Icarus The Owl

Pilot Waves

Written by: HES on 16/12/2015 00:00:06

I reviewed the self-titled album of by then unknown to me Icarus The Owl last year, as I stumbled upon it as a part of our lists of promotional records. Their infectious 'pop-core' sound, mixed with jazzy, rhythmic elements, makes an extremely dense soundscape - yet is undeniably catchy. And again on this release one's mind shuffles in the same good old direction of Emarosa or Dance Gavin Dance because of Icarus’s Joey Rubenstein’s voice, which undeniably shares the qualities of the at one time vocal ambassador of both these bands, Johnny Craig. Nothing has changed here - or has it?

The latest branch on the strain is "Pilot Waves", the follow up to the before-mentioned self-titled record. The record puts a solid bid in for the crown of this hybrid of over-technical yet sweetening melodic part of the post-hardcore genre. But whereas the frantic energy of the self-titled release was mixed with moments of contrast, the overall franticness of "Pilot Waves" almost takes your breath away - and not necessarily in an overall good way. Whereas “Mantis” is a good example of a frantic verse supported by a more down-tempo chorus - a great, creative take on a structure that is conventionally the opposite - many other songs suffer, like "“Prague, 1842”, “Dinosword” or “Werewolf Tea Party”, from simply being too “sped up”. Under these conditions, Rubenstein’s voice becomes strained and, well, difficult to stomach for more than a couple of songs at a time.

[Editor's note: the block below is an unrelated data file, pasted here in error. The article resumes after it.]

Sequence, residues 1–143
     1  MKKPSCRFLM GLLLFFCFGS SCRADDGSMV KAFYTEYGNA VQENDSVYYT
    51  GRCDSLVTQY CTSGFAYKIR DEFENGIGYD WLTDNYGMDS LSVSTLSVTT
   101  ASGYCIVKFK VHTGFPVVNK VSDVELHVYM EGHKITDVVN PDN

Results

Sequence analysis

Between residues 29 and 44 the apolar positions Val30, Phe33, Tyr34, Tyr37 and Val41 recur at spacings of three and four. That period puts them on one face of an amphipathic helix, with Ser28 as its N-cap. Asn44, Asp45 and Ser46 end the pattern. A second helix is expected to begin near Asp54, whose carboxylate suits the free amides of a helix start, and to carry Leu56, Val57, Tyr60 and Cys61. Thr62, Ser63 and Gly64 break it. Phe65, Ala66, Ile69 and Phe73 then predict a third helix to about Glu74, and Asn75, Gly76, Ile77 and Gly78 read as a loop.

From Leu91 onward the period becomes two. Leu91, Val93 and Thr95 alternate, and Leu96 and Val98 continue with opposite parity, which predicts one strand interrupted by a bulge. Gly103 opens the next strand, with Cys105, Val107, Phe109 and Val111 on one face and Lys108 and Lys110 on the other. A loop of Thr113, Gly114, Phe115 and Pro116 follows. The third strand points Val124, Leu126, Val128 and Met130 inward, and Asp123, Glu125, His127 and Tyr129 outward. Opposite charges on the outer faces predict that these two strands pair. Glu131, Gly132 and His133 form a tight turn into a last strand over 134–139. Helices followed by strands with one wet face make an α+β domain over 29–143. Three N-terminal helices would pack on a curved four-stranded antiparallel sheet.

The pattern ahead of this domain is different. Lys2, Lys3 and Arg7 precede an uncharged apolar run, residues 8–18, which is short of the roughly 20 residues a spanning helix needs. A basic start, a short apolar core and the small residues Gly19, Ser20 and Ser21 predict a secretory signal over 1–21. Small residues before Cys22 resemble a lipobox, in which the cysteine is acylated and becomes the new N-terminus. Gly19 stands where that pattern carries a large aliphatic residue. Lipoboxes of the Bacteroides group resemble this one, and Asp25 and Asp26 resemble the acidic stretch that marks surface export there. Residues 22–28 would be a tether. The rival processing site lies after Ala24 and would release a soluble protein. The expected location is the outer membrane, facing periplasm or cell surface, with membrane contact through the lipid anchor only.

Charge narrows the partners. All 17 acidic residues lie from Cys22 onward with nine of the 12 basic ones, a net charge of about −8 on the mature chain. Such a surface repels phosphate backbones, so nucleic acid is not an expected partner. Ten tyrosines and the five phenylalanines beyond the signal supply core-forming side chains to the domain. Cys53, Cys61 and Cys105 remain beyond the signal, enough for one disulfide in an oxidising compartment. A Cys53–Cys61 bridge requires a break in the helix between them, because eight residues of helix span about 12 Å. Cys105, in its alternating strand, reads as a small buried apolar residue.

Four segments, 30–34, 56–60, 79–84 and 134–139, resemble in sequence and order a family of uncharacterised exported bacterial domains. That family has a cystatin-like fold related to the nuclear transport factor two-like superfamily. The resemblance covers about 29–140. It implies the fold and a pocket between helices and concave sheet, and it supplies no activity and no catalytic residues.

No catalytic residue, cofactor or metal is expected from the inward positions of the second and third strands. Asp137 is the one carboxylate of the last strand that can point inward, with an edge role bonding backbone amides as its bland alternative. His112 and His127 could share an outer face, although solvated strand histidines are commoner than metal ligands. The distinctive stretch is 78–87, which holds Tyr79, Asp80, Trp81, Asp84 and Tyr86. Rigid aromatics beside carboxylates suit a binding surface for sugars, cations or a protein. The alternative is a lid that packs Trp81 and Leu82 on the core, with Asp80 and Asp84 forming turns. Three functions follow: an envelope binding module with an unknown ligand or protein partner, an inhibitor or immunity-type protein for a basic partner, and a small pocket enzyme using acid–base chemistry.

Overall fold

On the other hand, the band still delivers grand pop-core opuses like the title track, which slows down during an emotional bridge as Rubenstein finally has time to catch his breath and emote a beautiful half-broken plea. Another gem is the soaringly beautiful “Skysweeper”, with the desperate chorus voicing the lines “I thought I was .. I thought I was a millionaire!”. And albeit it's almost too cheesy, the brilliant chorus of “Peak and Valley Lines” perfectly underlines the immense melodic surplus Icarus The Owl administers.

Overall the question of whether you will like this record simply comes down to how disruptive you find the frantic energy and almost poncy way of expression that dominates the record. For me, this record simply demands my attention to be omnipresent. I am just desperately missing, call it contrast or pause, in order to comfortably navigate Icarus The Owl’s extremely dense soundscape.

Download: Skysweeper, Peak and Valleys, Pilot Waves
For The Fans Of: Emarosa, Dance, Gavin Dance, The Fall of Troy
Listen: facebook.com

Release date 16.10.2015
Blue Swan Records

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